Mini review: “True Crime” by Max Allan Collins (audiobook version)

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This is the second part of the “Frank Nitti” trilogy that kicked off the long series of books featuring 1930’s Chicago PI Nate Heller.  This time he is getting mixed up with outlaws John Dillinger and the Barker gang.

I like the character a lot, this is a good story and the narration is excellent.  What more do you want?

Also…

• Spare Cycles: Mini review: “True Detective” by Max Allan Collins (audiobook version) (Book one in the series)

• Spare Cycles: Mini review: Chicago Lightning – The Collected Nathan Heller Short Stories

BBC Radio 4 profile of Jack Ma

With the (as this post goes to press) upcoming IPO of Alibaba on the NY stock exchange, BBC Radio 4 profiles its boss, Jack Ma.  I first wrote about Ma in 2007 when he did an interesting interview at a tech conference, which is worth checking out.

•BBC Radio 4:  Profile – Jack Ma

 

Hugh Howey on the FLOSS Weekly podcast

FLOSS Weekly is a podcast that features interviews with people who are heavily involved in open source software projects.  I don’t listen to all episodes of the podcast but I do listen if a project sounds interesting. I was surprised to find a recent episode featuring Hugh Howey, author of the Wool trilogy, and had to take a listen.

Interviewing an author of science fiction seems like a strange choice, but Hugh tackles subjects including self publishing, DRM, piracy and collaborating with others.   FLOSS Weekly is part of Leo Laporte’s TWiT network and I would have thought that Triangulation (a more wide-ranging technology / culture podcast) would have been a better fit.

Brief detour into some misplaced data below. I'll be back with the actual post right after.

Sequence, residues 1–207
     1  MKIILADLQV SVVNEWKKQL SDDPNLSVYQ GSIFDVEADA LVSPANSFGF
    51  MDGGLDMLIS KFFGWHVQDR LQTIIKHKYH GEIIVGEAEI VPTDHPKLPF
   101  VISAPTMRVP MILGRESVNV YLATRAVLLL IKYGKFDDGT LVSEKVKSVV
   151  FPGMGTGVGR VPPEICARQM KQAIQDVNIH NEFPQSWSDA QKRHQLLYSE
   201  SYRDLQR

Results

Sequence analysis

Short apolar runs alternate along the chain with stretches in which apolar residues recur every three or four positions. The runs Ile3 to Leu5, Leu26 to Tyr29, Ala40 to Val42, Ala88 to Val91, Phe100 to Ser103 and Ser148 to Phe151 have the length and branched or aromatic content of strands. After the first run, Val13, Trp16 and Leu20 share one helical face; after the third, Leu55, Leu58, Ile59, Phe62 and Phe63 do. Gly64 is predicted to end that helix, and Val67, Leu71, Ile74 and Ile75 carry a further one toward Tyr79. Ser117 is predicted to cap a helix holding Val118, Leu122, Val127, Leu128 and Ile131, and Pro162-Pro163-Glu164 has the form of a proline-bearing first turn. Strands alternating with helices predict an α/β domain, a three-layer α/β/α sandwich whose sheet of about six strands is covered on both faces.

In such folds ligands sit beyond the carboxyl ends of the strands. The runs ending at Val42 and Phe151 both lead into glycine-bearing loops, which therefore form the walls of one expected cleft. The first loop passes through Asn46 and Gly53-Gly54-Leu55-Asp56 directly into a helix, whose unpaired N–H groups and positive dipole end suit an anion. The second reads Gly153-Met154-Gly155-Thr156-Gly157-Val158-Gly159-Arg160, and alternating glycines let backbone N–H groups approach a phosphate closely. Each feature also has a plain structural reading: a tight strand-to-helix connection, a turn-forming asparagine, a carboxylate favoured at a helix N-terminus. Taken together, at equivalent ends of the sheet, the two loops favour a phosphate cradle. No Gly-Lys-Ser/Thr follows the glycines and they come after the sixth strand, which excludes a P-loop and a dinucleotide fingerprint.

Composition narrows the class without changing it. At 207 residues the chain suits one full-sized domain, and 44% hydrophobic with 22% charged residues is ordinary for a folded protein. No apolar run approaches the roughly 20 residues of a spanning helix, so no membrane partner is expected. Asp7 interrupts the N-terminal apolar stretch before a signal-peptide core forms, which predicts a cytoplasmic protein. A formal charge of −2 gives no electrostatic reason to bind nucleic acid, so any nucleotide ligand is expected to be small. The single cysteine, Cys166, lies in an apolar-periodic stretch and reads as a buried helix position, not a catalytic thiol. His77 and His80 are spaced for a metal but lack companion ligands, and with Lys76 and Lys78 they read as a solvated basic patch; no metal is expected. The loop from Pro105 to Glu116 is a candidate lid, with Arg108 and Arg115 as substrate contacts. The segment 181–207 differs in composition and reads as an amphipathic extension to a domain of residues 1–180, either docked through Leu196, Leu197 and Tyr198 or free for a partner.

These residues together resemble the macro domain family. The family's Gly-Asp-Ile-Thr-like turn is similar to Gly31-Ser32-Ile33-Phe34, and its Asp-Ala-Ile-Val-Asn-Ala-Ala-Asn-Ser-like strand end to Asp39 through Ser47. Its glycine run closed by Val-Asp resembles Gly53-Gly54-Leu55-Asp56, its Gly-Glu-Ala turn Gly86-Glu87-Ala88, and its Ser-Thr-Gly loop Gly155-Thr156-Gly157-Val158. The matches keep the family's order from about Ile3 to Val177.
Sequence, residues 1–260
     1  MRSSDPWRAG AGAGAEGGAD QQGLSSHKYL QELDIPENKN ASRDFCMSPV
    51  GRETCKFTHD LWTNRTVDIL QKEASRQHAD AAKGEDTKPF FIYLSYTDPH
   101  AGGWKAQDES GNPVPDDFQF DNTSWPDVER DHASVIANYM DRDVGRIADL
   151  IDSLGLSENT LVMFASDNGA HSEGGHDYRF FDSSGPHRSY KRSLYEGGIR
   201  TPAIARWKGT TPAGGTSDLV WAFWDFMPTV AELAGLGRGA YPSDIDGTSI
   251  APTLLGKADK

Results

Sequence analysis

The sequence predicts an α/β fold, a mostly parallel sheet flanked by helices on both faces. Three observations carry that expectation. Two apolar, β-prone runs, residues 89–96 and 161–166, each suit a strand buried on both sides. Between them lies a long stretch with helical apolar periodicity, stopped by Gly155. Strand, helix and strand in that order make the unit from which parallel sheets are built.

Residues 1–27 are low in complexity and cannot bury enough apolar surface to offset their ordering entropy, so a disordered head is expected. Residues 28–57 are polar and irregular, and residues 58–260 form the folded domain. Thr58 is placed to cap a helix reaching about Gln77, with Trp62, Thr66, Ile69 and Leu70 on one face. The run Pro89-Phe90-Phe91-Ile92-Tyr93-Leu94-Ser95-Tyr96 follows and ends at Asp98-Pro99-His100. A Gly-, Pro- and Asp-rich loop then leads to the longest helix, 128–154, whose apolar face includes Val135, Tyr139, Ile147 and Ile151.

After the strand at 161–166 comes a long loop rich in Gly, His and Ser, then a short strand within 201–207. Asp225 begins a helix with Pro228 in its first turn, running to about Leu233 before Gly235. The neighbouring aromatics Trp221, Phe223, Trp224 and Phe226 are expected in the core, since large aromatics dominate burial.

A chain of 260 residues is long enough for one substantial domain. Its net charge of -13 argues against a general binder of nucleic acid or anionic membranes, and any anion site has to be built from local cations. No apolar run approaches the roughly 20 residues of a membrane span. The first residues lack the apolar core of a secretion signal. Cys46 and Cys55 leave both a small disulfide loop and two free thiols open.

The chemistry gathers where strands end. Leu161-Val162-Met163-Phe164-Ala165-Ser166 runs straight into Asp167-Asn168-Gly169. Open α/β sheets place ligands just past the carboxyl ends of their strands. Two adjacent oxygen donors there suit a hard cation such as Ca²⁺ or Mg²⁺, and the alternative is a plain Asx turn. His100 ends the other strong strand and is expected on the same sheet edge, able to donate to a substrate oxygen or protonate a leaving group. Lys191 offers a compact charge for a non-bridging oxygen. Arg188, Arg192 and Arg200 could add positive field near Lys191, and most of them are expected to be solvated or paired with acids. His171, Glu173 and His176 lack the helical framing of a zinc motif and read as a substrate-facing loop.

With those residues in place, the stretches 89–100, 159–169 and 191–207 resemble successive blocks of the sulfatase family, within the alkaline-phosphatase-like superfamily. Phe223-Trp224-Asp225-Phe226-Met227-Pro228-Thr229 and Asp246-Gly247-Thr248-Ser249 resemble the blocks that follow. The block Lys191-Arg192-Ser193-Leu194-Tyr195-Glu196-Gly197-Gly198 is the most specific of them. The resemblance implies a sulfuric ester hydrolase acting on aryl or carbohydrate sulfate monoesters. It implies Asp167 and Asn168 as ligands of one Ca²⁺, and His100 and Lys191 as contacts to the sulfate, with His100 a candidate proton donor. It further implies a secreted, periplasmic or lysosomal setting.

I don’t think that this totally worked but even so, well done to both sides for doing it.  Hugh does seem to be unafraid of mixing it up with technology sites – he can also be found on a recent O’Reilly Radar podcast talking about driver-less cars and more…

• FLOSS Weekly: Self publishing

• Spare Cycles: Hugh Howey-related posts

Article: Why I Just Asked My Students To Put Their Laptops Away

An excellent article on the myth of multitasking and the problem of distraction when trying to learn or concentrate on something important.

• Medium / Clay Shirky:  Why I Just Asked My Students To Put Their Laptops Away 

Mini review: “A Morning for Flamingos” by James Lee Burke (audiobook version)

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This is an early book in the continuing adventures of Dave Robicheaux, a cop in the state of Louisiana in the American deep South, in whose company I am happy to spend many an hour.  This time Dave (and his buddy Clete) are getting involved in the murky world of dealing drugs, and once again his demons and his current problems go hand-in-hand.

This is a very good book.  Reviews for this and other books in the series often state that the author manages to keep the quality high.  This is my third outing and I’m starting to believe it.  This will not be the last James Lee Burke story I read.

I’ve said before – and I firmly believe – that good narration can add a lot to a story.  The narrator this time is Mark Hammer; his slap-it-on-thick Southern accent gives the character of Dave Robicheaux more depth than I could ever give him in my head.  For me, that voice is Dave Robicheaux…